A meeting of Arab states in the Gulf Cooperation Council (GCC) to discuss the growing confrontation between Saudi Arabia and Iran ended in full support for the Saudi position, and any measure any measure against Iran to halt Tehran’s “terrorist acts” and to ensure that it refrains from “meddling in the affairs of Arab nations.” However, no concrete action was taken or committed.
According to Saudi Arabia’s foreign minister Adel Al-Jubeir:
The Kingdom is looking at additional measures to be taken, if Iran continues with its belligerent policies. […]
We cannot deal with a country that attacks and burns embassies, whether those embassies are British or American, or for that matter Saudi.
If it is a nation state, it should act like a responsible state. If not, it will be further isolated.
The escalation is coming from Iran, not from Saudi Arabia or the GCC. We are evaluating Iran’s moves and taking steps to counter them … things will be clearer in the near future. …
It is entirely in the hands of Iran, whether it wants to be a good neighbor or it prefers to remain in a hostile environment within the region.
Iran’s foreign minister Mohammad Javad Zarif, in a letter to the United Nations, blamed Saudi Arabia specifically for numerous terrorist attacks, from 9/11/2001 to Paris to San Bernardino:
Regrettably, immediately after the successful conclusion of the first interim nuclear agreement between Iran and E3/EU+3 in November 2013, Saudi Arabia focused all its resources to prevent or defeat a comprehensive deal, and preclude normalization in the region. Today, there are indications that some in Saudi Arabia are on a mission to drag the entire region to conflict, fearing that removal of the smokescreen of the manufactured Iranian nuclear threat would expose the real global threat posed by extremists and their sponsors.
It is an unfortunate reality that most extremist perpetrators of acts of terror from September 11, 2001 to the recent senseless terrorist shooting in San Bernardino and all other episodes of extremist carnage in between whether in Beirut, Baghdad, Cairo, Damascus, Istanbul and Peshawar, or in Paris, London, Moscow, Madrid and Ottawa – and most members of Al-Qaeda, the Taliban, ISIS and Al-Nusra Front were either Saudi nationals, or those mis-educated in Saudi financed schools or otherwise brainwashed by petro-financed demagogues, who have promoted an anti-Islamic message of hatred, exclusion and sectarianism across the globe for decades.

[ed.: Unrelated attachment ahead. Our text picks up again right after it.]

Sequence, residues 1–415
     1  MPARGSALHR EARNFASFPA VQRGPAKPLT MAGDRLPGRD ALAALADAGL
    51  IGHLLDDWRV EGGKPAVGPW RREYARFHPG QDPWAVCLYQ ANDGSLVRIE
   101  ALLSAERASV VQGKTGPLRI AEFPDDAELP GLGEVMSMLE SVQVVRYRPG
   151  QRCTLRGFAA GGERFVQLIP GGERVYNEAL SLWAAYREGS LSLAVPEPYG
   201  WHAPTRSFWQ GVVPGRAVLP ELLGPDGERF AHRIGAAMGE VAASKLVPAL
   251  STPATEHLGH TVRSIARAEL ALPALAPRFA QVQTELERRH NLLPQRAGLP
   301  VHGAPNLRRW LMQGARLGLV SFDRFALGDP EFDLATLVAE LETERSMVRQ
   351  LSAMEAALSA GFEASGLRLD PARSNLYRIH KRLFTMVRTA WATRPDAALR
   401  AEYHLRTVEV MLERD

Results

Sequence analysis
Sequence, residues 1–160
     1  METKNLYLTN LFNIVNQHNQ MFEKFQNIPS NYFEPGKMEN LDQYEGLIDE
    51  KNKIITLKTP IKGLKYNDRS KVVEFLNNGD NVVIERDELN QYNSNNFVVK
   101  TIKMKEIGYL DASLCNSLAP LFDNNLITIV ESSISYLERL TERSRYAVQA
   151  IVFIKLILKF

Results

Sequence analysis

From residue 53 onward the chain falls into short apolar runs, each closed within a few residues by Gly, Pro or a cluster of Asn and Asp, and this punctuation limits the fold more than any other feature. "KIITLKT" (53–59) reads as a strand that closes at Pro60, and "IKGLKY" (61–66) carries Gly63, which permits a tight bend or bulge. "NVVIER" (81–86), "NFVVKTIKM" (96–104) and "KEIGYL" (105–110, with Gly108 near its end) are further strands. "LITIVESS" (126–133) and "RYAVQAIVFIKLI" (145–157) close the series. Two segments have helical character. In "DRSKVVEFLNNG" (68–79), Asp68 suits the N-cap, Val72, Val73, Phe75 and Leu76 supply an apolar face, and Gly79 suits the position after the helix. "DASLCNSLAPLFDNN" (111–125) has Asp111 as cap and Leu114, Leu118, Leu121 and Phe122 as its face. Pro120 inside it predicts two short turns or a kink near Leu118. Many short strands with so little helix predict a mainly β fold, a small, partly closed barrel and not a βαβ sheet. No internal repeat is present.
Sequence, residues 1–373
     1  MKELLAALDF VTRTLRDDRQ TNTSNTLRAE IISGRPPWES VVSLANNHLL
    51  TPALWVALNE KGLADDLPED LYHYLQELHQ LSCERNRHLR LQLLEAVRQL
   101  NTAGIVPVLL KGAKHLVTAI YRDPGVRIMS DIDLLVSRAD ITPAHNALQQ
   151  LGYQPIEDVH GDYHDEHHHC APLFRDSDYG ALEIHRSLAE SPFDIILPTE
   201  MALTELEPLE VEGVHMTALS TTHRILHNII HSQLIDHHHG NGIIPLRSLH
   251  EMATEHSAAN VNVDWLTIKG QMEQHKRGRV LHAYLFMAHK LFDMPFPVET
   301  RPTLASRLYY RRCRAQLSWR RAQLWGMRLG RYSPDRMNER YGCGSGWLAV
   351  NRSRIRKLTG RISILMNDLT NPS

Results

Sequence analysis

Arab countries deeply divided over Iran vs Saudi Arabia confrontation
According to Fawaz Gerges, Mideast expert at the London School of Economics, interviewed on Al-Jazeera on Saturday, Saudi Arabia views Iran’s penetration in the Arab world in Syria, Iraq, Bahrain, Yemen and Lebanon to be an existential threat to Saudi Arabia, and so the Saudis have made a strategic decision for all-out confrontation with Iran.
Saudi Arabia and Bahrain have severed diplomatic relations with Iran, Kuwait and Qatar recalled their ambassadors, the UAE downgraded its ties and Oman condemned the embassy attacks. The Saudis are pushing very hard for more mare Arab countries to cut diplomatic relations. The Saudis would like a united Arab position to counterbalance Iran.
However, the confrontation has deeply divided the Arab world, and split the countries into three blocs, according to Gerges:
- Pro-Iran bloc: Iraq and Syria. Lebanon is deeply divided, with Hezbollah controlling much of the country. Most of Yemen is in support of Iran.
- Pro-Saudi bloc: Saudi Arabia, Bahrain, Kuwait. Qatar and United Arab Emirates (UAE) support the Saudis, but to a lesser extent.
- In the middle: Egypt is reluctant to join either camp, even though it says it supports Saudi Arabia. Oman does not want to take any sides. Algeria is trying to play a mediating role.
Gerges points out that the Saudis believe that their “strategic partner,” the United States, has let them down and sided with Iran against them, allowing Iran to gain the upper hand in the region. For that reason, the Saudis did not consult with the US before deciding to cut diplomatic relations with Iran.
Meanwhile, according to Gerges, the Obama administration is very unhappy with the current Saudi-Iran escalation, because it diverts attention from the US agenda: to focus confrontation on ISIS, to find a diplomatic solution in Syria, and a ceasefire in Yemen.
From the point of view of Generational Dynamics, these objectives are pretty much fantasy anyway. Generational Dynamics predicts that the Mideast is headed for a major war between Shias and Sunnis, between Arabs and Jews, and between different ethnic groups. Events of the last year, including the war in Yemen, the rise of ISIS, the Russian military intervention in Syria, Iran’s nuclear deal with the west, and now the Saudi-Iran split, have moved this prediction much closer.